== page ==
[Coral-List] Coral bleaching and light levels
RichardPDunne at aol.com
Fri Feb 13 12:25:10 EST 2009
It is wrong to state so unequivocally that light is "a secondary
factor". It can be a primary factor as publications have shown (e.g
Brown et al - plenty of pubs). It is much more scientific and accurate
to say that it is an interplay between light and temperature - see the
diagram and discussion in the Fitt et al. Review in Coral Reefs.
Sometimes light is more important and sometimes temperature.
It is also incorrect to say that "light levels are basically unchanged".
Changes in regional meterology occur as a result of climate change which
can lead to coral reefs being exposed to much higher seasonal irradiance
which can tip the balance between corals bleaching or not. In addition,
changes in sea level can be a very important factor, particularly for
shallow reefs. The underwater light field is a lot more complicated, and
affected by many physical parameters (e.g., cloud cover, water surface
roughness, sediment levels, water depth, bottom type, zenith angle of
the light field, differential spectral attentuation, etc). Your
statement about surface light going down (evidence?) is far too
simplistic to be accurate.
I know this is just Coral List but please can we be a bit more scientific.
Richard P Dunne
Thomas Goreau wrote:
>> From: Thomas Goreau <goreau at bestweb.net>
>> Date: February 13, 2009 10:11:18 AM EST
>> To: billraymond10 at yahoo.com
>> Subject: Re: [Coral-List] Coral bleaching and ocean acidification
>> Dear Bill,
>> Absolutely! But it is a secondary factor.
>> 20 years ago I did a bunch of experiments in Jamaica with corals in
>> tanks at different temperatures and light level combinations.
>> Bleaching took place only above a certain temperature, but the more
>> light the faster it happened. Peter Glynn did similar experiments in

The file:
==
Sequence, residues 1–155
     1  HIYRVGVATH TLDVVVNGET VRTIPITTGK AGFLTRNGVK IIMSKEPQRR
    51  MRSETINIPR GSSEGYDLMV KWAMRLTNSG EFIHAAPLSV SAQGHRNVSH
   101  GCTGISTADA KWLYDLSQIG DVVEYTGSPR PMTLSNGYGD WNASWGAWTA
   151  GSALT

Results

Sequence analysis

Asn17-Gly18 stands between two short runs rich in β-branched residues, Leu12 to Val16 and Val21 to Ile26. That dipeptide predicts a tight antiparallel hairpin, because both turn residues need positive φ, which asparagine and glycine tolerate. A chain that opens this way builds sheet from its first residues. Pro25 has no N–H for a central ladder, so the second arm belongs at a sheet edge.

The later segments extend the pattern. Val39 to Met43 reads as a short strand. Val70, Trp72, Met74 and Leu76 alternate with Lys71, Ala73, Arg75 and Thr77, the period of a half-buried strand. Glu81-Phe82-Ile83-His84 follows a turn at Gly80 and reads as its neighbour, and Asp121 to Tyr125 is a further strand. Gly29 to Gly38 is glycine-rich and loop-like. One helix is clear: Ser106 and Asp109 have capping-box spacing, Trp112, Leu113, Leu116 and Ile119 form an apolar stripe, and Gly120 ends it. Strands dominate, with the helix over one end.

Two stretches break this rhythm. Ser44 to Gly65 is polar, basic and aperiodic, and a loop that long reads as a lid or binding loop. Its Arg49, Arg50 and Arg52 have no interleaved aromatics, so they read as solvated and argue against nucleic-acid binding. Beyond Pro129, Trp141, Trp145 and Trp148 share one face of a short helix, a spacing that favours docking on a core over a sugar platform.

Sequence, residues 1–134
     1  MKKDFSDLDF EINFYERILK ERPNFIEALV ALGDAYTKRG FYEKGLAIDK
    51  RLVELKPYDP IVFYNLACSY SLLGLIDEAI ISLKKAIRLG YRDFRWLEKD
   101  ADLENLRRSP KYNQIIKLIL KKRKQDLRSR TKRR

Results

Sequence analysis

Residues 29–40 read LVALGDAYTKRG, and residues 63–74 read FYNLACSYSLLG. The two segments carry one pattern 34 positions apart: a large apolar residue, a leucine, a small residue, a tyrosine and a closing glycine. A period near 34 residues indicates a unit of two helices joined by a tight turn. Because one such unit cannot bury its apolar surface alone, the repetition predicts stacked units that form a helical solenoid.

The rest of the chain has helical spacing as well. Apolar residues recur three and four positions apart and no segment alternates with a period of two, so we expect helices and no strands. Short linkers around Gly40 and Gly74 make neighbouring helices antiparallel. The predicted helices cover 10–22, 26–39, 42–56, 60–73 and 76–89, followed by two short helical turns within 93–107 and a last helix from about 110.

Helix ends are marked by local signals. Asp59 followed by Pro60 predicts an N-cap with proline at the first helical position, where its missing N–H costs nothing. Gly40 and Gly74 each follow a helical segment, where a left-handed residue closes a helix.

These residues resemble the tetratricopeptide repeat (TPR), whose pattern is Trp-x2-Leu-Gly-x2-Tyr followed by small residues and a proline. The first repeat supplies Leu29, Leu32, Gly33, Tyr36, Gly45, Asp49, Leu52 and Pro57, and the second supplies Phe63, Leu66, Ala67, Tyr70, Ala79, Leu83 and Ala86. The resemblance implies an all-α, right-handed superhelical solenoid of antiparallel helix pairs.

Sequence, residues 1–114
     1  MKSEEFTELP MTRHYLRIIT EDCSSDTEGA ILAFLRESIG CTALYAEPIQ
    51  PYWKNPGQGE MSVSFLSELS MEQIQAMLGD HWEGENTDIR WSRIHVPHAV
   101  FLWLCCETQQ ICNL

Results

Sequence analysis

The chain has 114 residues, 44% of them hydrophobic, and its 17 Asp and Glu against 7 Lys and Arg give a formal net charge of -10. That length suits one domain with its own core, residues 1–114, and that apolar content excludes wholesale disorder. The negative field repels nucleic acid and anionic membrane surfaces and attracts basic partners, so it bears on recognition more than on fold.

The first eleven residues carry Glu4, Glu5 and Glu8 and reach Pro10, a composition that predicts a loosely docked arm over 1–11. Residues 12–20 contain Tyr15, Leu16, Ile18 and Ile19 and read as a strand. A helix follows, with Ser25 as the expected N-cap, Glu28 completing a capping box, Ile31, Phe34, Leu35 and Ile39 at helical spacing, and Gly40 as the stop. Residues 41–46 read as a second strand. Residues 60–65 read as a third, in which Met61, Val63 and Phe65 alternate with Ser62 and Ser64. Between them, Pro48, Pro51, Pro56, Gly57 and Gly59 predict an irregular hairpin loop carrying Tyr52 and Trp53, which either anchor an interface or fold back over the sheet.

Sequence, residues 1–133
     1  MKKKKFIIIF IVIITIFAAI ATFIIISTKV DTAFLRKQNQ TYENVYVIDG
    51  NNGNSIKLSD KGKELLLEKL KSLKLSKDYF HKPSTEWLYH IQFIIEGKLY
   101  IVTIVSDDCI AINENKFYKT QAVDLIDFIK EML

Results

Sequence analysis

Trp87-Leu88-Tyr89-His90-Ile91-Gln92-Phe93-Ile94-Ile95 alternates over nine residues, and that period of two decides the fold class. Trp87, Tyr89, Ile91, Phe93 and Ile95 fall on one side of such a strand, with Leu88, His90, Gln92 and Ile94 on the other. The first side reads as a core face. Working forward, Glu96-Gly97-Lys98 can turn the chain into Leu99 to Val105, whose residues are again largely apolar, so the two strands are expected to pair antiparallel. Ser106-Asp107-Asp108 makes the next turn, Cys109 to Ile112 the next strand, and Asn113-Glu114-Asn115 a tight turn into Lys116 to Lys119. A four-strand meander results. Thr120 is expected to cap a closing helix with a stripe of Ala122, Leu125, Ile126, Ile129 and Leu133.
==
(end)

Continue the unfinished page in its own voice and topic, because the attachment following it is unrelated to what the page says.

>> Okinawa and reached the same conclusions. The reason I did this was
>> our field observations in the first Caribbean bleaching event in
>> 1987, where shaded corals were much less bleached, in fact where
>> they were shaded by overhangs you could see the shadow, and we've
>> seen that everywhere in the Indian Ocean and Pacific since too.
>> But the discussion was about bleaching versus acidification, so I
>> did not get into secondary factors affecting bleaching. And
>> temperature has been rising worldwide whereas light levels are
>> basically unchanged because solar radiation variations are so small.
>> In fact surface light has been going down for decades because of
>> atmospheric pollution, but now starting to rise slowly as
>> atmospheric sulfur and nitrogen pollution are controlled.
>> Hans Creek is an interesting area, and you may know that I proposed
>> it as a coral reef restoration site. I still hope this is possible,
>> but it really depends on blocking the marina and golf course. Which
>> I guess is still a pending issue. There is a small chance that I may
>> get back to BVI later this year.
>> Best wishes,
>> Thomas J. Goreau, PhD
>> President, Global Coral Reef Alliance
>> Coordinator, United Nations Commission on Sustainable Development
>> Partnership in New Technologies for Small Island Developing States
>> 37 Pleasant Street, Cambridge MA 02139
>> goreau at bestweb.net
>> On Feb 13, 2009, at 9:57 AM, Bill Raymond wrote:
>>> Tom Goreau:
>>> Don't you consider solar intensity a factor in coral bleaching? In
>>> Tortola I found bleached corals in late October, offshore, but
>>> mangrove-shaded Siderastreas in warm Hans Creek
>>> were not bleached.
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